Late Cenozoic eaolian deposits in the North Pacific, supplement to: Rea, David K; Snoeckx, Hilde; Joseph, Leah H (1998): Late Cenozoic Eolian deposition in the North Pacific: Asian drying, Tibetan uplift, and cooling of the northern hemisphere. Paleoceanography, 13(3), 215-224


A newly constructed record of eolian dust accumulation from the central North Pacific shows that dust deposition increased by an order of magnitude quite rapidly at 3.6 Ma. We associate this sudden drying with the uplift of at least the northern portion of the Tibetan Plateau, shutting off the Indian Ocean moisture source to central and western China. This ten-fold increase in atmospheric dust loading appears to be associated with the 1-m.y.-long shift toward heavy d18O values that occurred at 3.6-2.6 Ma. The dust grain-size record of wind intensity begins its late Cenozoic coarsening a million years before the drying event, at ~4.5 Ma. The northern hemisphere cooling that results in intensification of the subpolar westerly winds may have as its ultimate cause the drawdown of atmospheric CO2 in the latest Miocene and the early Pliocene closing of the Panamanian Seaway.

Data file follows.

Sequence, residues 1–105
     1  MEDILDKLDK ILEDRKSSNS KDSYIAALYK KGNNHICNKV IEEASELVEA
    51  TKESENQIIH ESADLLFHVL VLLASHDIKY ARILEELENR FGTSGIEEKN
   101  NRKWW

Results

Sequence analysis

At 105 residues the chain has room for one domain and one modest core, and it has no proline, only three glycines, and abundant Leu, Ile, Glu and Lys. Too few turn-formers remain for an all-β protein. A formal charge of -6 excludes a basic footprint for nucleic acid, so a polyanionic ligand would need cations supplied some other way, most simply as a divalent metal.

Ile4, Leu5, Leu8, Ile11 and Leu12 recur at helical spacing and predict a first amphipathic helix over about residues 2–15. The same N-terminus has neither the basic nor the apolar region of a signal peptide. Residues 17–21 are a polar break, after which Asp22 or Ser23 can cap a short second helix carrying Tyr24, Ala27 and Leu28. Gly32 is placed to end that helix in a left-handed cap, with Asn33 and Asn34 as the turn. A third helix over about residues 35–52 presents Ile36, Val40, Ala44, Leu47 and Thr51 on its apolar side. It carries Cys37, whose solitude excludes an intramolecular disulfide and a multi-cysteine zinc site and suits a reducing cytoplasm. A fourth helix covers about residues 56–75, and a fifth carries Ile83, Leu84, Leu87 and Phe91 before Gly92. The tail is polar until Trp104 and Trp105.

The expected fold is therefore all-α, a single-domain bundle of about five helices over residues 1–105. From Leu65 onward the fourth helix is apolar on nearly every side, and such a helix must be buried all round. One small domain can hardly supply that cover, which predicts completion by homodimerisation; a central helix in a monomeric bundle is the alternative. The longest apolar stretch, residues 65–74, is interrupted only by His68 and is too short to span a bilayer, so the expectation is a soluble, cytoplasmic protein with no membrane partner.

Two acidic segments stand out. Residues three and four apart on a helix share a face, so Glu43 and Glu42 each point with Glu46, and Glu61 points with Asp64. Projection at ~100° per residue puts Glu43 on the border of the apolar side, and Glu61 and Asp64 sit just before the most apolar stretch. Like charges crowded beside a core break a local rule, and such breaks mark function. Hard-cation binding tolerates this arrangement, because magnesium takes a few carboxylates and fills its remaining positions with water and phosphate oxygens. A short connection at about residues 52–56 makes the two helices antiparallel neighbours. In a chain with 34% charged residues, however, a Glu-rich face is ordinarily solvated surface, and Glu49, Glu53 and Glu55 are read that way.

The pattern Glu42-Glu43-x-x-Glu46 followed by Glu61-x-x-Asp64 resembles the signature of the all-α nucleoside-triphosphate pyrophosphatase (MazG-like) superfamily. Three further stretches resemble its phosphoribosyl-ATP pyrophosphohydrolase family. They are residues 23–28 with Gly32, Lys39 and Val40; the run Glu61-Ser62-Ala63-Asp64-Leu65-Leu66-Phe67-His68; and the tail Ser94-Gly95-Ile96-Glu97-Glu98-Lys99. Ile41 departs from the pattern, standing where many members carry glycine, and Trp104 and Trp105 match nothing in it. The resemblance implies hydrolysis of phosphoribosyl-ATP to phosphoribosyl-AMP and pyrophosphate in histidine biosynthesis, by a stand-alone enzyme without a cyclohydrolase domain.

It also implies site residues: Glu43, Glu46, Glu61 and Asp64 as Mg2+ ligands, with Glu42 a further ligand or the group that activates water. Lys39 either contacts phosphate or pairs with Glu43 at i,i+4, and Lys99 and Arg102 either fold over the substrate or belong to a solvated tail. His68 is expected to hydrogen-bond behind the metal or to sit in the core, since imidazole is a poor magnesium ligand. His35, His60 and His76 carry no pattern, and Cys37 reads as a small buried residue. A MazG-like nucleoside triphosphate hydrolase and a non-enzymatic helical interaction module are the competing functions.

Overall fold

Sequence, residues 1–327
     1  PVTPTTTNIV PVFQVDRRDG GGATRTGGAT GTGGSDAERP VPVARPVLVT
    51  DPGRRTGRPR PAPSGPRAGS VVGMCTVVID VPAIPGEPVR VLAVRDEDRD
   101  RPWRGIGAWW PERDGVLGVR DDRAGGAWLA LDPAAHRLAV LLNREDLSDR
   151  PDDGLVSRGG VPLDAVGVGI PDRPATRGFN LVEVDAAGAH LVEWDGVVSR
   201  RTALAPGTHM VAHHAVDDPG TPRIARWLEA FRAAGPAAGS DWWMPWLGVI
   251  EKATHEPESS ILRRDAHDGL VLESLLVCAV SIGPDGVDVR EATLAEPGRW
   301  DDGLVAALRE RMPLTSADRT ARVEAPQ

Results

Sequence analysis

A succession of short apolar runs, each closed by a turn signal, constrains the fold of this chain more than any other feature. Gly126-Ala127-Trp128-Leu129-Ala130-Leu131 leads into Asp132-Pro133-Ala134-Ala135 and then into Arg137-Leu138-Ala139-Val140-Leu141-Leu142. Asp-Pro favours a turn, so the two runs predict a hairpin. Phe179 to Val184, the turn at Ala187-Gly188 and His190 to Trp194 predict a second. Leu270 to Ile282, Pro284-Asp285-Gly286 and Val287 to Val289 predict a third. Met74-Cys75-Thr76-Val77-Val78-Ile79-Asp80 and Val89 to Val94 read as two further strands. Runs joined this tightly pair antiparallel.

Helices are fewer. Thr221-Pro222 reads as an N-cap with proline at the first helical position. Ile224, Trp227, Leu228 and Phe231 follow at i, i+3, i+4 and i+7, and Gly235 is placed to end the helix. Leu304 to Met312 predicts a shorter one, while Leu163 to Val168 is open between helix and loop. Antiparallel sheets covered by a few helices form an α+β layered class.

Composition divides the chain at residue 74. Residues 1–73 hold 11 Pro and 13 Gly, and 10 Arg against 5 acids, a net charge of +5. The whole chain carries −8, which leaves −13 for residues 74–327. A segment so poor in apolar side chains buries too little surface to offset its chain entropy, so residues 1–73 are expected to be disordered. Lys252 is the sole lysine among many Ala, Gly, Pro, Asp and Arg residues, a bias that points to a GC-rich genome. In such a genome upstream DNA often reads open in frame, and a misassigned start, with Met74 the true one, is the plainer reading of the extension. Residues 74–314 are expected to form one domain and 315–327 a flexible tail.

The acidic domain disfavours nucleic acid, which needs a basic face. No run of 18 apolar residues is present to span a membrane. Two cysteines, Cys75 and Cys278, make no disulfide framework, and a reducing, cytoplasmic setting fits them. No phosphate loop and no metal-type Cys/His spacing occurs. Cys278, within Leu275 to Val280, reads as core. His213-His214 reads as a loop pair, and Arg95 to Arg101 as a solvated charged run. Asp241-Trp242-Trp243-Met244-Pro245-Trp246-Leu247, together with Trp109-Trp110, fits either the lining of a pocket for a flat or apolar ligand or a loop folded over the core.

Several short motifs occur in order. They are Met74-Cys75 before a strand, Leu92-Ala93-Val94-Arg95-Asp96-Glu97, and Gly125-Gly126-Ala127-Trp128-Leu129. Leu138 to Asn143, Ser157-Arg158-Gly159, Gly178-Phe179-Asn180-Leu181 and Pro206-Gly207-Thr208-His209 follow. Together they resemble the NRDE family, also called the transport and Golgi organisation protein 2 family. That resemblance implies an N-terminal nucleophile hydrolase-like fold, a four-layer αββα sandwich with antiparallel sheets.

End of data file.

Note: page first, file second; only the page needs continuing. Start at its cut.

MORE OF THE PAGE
Metadata Access
Creator Rea, David K;Snoeckx, Hilde;Joseph, Leah H
Publisher PANGAEA - Data Publisher for Earth & Environmental Science
Publication Year 1998
Rights Creative Commons Attribution 3.0 Unported (CC-BY)
Language English
Resource Type Supplementary Collection of Datasets
Format application/zip
Discipline Earth System Research
Spatial Coverage (45N-45N,168E-168W)
Temporal Point 1992-04-09T11:59:59Z